What is Ordinary Law Characteristics and examples

Ordinary law

In the legal system of most countries there are different types of laws. The so-called ordinary law is one in which there are no special procedures for its approval.

Ordinary law is a legal rule that requires simple processing for its final enactment. Above the ordinary laws are the general laws, that is, the organic laws.

Characteristics of Ordinary law

The three main characteristics of this type of standard are:

(i) The Ordinary Law is study of social classes stands out. This topic involves many aspects and can be understood from different angles; therefore, it is the subject to the provisions of the Constitution and may be subject to control by the Constitutional Court.

(ii) The variety of matters that this type of law can cover is very broad and responds to the demands of political pluralism at any given time. That is to say, it will be the parliamentary majorities of each moment that decide and provide specific content to the laws.

(iii) Limitation of matters based on the existing distribution of powers between the Central State and the different autonomous communities.

Examples of ordinary law

Now we have to give examples of ordinary laws. It must be said that these laws are usually limited to Civil Law , Commercial Law and somewhat everyday aspects in the life of a nation. They are considered to have a lower category. Likewise, they are temporary and it is estimated that they may be modified over time.

  1. The laws that regulate the exercise of professions and guilds within a country.
  2. Civil Codes are quintessential examples of ordinary laws. It must be remembered that these codes change over time, and regulate matters related to Civil Law.
  3. Traffic Laws are focused on land transportation, but ordinary laws also cover aeronautics and other types of transportation.
  4. The laws that regulate commerce and that, therefore, form Commercial Law.
  5. Certain aspects involved in Criminal Law , such as penalties, monetary sanctions or legal procedures in case of committing crimes.
  6. Promotion laws in the military union.

The general procedure for drafting an ordinary law

The approval of this law has different phases: an initiative, a discussion, a penalty and, finally, a promulgation.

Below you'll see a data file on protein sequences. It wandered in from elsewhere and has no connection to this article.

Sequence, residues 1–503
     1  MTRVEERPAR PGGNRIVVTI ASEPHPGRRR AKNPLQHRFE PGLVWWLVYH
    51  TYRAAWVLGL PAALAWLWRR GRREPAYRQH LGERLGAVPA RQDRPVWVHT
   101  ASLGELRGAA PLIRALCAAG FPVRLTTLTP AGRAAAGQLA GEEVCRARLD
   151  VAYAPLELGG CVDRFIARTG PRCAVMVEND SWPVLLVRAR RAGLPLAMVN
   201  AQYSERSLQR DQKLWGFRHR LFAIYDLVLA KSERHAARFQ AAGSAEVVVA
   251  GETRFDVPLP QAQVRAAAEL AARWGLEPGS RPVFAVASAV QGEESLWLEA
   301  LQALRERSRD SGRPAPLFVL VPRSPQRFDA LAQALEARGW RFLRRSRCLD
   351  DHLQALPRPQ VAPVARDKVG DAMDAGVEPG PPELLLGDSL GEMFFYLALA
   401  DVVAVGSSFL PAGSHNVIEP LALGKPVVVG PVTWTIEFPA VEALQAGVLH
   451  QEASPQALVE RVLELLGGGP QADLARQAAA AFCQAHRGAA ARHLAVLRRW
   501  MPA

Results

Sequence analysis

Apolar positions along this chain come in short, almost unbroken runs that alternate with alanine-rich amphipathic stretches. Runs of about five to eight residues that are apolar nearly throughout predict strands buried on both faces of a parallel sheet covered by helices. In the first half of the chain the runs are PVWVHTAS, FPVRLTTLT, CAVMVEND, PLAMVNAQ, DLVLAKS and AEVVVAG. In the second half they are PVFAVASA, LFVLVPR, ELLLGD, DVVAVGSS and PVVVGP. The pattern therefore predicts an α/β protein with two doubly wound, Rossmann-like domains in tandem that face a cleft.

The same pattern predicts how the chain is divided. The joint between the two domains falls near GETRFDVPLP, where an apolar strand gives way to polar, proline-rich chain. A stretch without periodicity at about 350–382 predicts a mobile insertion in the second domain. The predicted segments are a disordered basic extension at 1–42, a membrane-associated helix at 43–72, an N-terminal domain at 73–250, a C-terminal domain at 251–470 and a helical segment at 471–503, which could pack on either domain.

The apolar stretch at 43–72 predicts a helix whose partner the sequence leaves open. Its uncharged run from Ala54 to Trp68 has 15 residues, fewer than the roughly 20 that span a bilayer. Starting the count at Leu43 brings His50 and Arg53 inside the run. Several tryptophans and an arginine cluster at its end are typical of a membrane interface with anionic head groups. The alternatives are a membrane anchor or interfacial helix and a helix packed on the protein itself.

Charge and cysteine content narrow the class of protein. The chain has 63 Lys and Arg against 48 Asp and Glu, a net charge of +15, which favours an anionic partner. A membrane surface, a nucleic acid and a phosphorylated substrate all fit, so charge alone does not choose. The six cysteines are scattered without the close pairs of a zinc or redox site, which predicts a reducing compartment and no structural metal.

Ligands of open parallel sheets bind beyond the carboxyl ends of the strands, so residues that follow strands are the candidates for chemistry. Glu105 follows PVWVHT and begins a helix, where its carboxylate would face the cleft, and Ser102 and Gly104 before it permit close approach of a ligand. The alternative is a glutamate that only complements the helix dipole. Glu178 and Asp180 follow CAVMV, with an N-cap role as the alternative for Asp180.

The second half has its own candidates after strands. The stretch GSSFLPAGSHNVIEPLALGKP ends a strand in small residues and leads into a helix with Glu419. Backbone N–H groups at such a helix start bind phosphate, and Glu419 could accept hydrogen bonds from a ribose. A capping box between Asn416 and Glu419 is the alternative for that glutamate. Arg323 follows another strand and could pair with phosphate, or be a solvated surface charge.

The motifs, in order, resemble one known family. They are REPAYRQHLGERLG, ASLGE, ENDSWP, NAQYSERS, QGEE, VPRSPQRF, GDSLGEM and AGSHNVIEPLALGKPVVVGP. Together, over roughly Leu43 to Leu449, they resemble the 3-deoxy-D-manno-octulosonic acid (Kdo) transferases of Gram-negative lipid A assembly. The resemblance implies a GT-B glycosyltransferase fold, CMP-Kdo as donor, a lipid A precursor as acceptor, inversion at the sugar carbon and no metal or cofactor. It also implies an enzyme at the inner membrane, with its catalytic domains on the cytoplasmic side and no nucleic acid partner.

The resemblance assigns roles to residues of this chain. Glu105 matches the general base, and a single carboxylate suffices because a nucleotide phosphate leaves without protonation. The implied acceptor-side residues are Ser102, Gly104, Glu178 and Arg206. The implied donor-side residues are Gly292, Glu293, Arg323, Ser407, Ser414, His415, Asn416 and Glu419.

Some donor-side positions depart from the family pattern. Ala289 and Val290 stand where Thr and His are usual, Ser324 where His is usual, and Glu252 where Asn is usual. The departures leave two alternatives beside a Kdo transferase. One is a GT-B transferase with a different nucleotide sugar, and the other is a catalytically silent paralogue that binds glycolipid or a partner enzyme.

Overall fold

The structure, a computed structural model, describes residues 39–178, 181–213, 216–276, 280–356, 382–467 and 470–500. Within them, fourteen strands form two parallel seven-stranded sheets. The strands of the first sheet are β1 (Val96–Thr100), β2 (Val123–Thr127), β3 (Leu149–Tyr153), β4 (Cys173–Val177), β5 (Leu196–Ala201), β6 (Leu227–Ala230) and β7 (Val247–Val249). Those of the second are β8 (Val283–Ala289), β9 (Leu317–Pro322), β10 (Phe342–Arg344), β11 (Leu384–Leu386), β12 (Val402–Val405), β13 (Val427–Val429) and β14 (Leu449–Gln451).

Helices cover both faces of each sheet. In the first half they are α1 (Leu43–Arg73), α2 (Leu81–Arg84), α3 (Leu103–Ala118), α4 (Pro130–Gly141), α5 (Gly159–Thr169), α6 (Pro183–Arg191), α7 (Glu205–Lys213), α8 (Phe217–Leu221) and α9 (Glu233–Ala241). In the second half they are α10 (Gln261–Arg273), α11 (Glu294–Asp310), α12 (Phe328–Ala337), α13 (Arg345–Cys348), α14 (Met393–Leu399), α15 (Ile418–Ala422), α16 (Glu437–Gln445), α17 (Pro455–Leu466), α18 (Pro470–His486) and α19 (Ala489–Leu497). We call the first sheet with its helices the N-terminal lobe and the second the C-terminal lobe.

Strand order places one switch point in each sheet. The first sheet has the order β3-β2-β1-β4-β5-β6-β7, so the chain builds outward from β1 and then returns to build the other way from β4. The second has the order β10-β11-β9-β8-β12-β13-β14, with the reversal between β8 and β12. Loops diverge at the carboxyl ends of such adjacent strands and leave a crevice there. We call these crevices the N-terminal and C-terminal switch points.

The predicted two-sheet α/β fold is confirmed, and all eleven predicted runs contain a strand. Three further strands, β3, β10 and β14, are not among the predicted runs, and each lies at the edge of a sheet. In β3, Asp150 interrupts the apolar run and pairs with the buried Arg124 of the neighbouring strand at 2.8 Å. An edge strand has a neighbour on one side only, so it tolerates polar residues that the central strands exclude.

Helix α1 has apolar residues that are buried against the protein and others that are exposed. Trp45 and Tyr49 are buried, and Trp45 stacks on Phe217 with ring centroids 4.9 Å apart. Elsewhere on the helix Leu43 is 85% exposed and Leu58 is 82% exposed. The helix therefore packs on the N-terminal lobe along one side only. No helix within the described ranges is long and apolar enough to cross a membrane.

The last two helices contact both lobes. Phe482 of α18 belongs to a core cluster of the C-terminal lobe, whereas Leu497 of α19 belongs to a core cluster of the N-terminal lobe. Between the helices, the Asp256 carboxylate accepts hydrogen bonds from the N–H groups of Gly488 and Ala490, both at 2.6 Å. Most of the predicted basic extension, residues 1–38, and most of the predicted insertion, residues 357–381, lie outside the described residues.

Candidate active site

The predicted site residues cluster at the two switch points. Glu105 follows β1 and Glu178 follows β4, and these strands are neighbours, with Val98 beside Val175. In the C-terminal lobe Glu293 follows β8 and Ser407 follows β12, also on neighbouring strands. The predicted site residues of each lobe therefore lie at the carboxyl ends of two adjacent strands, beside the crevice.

A proposal for an ordinary law usually starts in the chambers of the legislative power, that is, the group of representatives of the people. On the other hand, the president of a nation often has the power to propose this type of law. In some cases, the supreme courts or the popular initiative also have the opportunity to promote this type of legal norm.

Once processing begins, the ordinary bill must be debated article by article by the members of parliament of a nation through a specialized commission.

Once the content of the ordinary law is established, it must be sanctioned, that is, it must be approved by the representatives of popular sovereignty.

Finally, the ordinary law must be promulgated in the State Official Gazette for it to be enforced. This promulgation embodies the signature of the highest authority in a nation.

The differences between organic and ordinary laws

Laws are approved by national parliaments. Organic laws are those relating to fundamental rights and public liberties and are usually contained in a nation‘s constitution . To be passed, organic laws generally require an absolute majority of the chambers of representatives. On the other hand, ordinary laws are all those that can be passed by a simple majority, such as the budget law, tax laws and those related to civil procedure .

An ordinary law cannot modify the content of an organic law , since between them there is a principle of hierarchy . On the other hand, every ordinary law develops contents already established in an organic law.

In short, organic laws are structural in character within the legal framework and ordinary laws are addressed to meet specific situations that do not affect the bases of the state.

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